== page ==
Privacy and data protection information relating specifically to the FIT for Follow-Up study
The Cancer Screening and Prevention Research Group (CSPRG) at Imperial College London processed special category personal data for the FIT for Follow-Up study. We used this information to investigate whether a Faecal Immunochemical Test (FIT), once a year, for people with one large or 3–4 small polyps found at colonoscopy (the ‘intermediate risk group’ in the 2002 national surveillance guidelines) is an effective and safe alternative to three yearly follow-up colonoscopy. The study also investigated how acceptable the FIT is to this intermediate-risk group as an alternative to follow-up colonoscopy, and whether it is a more effective use of health service resources. To fulfil these aims, the CSPRG processed special category personal data to track the long-term health outcomes of our study participants. The special category personal data used in this study is crucial to the success of this project, and the public good generally.
Imperial College London (the data controller for data processed by the CSPRG, see above) was the recipient of data for the FIT for Follow-Up study. The special category personal data for the FIT for Follow-Up study was transferred to the CSPRG from four sources, given below.
NHS Digital collect and process data from across the health and social care system in England. NHS Digital provided data about the timings and outcome of colonoscopies and other surveillance to the CSPRG. NHS Digital obtained this colonoscopy data from the Bowel Cancer Screening Programme (BCSP).
The BCSP provided some data directly to the CSPRG, this included: patient information (such as names and sex), the results of FIT tests and data about the incidence and progression of cancer. The cancer incidence and progression data were provided to the BCSP by the National Cancer Registration and Analysis Service, which is part of the UK Health Security Agency (formerly Public Health England).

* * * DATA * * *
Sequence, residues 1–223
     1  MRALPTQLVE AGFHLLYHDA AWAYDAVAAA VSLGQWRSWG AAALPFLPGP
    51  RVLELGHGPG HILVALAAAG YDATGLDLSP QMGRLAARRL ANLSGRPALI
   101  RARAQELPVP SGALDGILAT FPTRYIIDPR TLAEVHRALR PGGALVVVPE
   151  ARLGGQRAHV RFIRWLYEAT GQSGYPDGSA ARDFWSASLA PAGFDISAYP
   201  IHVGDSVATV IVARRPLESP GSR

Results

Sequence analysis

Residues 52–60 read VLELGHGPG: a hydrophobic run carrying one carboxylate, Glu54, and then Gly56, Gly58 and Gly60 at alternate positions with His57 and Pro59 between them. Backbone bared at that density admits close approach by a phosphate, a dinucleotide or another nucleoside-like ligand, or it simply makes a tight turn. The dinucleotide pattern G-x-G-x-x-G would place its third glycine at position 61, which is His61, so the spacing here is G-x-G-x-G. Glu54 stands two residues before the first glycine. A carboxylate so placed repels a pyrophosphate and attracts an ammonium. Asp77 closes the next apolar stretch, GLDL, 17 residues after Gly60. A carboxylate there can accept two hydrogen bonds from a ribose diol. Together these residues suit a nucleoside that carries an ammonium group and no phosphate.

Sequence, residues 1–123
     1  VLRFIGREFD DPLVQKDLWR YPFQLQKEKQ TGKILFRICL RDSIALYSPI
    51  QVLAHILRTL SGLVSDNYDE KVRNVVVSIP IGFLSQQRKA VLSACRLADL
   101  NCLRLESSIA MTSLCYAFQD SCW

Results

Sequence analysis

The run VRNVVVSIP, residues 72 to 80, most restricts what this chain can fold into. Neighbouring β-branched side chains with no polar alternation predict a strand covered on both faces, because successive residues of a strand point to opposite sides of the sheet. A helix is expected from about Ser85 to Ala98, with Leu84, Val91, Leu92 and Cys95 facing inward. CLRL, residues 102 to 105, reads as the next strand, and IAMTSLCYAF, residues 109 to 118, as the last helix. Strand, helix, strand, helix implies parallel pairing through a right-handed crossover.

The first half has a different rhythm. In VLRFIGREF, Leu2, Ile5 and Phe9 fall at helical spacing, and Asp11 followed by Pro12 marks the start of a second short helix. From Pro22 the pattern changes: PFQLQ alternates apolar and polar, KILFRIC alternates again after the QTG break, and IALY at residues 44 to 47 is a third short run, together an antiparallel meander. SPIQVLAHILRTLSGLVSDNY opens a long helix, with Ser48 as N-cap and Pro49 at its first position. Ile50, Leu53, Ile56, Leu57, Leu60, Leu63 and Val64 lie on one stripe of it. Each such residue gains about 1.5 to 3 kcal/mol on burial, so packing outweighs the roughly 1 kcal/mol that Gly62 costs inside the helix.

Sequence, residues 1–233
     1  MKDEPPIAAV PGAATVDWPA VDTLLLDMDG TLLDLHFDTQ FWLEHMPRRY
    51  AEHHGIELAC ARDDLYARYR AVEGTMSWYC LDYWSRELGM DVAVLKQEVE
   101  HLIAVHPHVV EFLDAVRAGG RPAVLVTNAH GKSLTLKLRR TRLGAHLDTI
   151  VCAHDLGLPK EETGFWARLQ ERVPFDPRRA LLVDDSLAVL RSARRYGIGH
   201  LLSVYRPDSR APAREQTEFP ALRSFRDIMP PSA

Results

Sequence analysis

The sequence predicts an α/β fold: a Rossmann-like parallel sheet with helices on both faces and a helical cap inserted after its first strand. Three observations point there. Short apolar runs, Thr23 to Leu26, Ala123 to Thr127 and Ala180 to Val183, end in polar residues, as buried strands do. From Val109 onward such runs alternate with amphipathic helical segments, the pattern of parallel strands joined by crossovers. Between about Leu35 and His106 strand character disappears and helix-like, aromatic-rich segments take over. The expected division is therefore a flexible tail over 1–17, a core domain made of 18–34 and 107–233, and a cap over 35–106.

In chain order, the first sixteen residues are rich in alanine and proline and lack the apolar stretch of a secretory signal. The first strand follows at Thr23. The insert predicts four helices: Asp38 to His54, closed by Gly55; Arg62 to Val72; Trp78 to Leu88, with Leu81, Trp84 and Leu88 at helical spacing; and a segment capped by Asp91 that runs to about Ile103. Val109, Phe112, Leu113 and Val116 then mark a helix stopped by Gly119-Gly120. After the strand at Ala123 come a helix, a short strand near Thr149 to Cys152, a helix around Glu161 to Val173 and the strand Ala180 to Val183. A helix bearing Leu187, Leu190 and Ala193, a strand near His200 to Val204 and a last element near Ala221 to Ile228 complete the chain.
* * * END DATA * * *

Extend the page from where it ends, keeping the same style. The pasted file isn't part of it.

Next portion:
Participating patients also provided some information directly to the CSPRG by returning questionnaires.
Pseudonymised questionnaire data was transferred out of the CSPRG to collaborators in the Department of Behavioural Science and Health at University College London (UCL). Pseudonymised data (see also GDPR Article 4.3) are personal data that can no longer be attributed to a specific individual without additional information. In our case, questionnaire data was transferred with easily-identifiable data (such as names and NHS numbers) removed. The data cannot be linked to specific individuals by our collaborators at UCL.
4. University of Southampton
In conjunction with the University of Southampton, the CSPRG developed a Patient Management System to securely store and organise patient data for the FIT for Follow-Up study. The Patient Management System was used to store patient information, organise the timely distribution of FIT kits and store the results of the FITs. The Patient Management System was accessible only to specific researchers in the CSPRG. The University of Southampton have now deleted the data from their system, specifically all data stored in the FIT for Follow-Up Patient Management System or otherwise held by the Clinical Informatics Research Unit at the University of Southampton was deleted and they no longer hold data for the FIT for Follow-Up study. The University of Southampton have completed, signed and returned a CSPRG data destruction notice, confirming the date and method of destruction.
No other data was transferred out of the CSPRG.
What are the aims of the FIT for Follow-Up study?
At the time this study was initiated, the English NHS Bowel Cancer Screening Programme invited men and women aged 60–74 years old to participate in screening for bowel cancer every two years. People in the eligible age range for screening were asked to complete a simple stool test (the guaiac Faecal Occult Blood test, gFOBt), which was sent to them in the post to be completed at home. People who had an abnormal stool test result (traces of blood are found in the stool) were invited for an examination of their large bowel to identify the source of the blood loss. Usually this examination is a colonoscopy, which is carried out by a specialist doctor or nurse in a hospital. One in every five people who have their colonoscopy, will have large (1cm across or larger) or multiple polyps found. It is known that people with large or multiple polyps are at higher risk of developing more polyps or bowel cancer in the future; for people with one large or 3–4 small polyps, this risk was classed as ‘intermediate’ in the 2002 national surveillance guidelines. At the time of the study, it was recommended that everyone in the intermediate risk group was offered another colonoscopy after three years to look for polyps or early cancers – this is called a follow-up colonoscopy.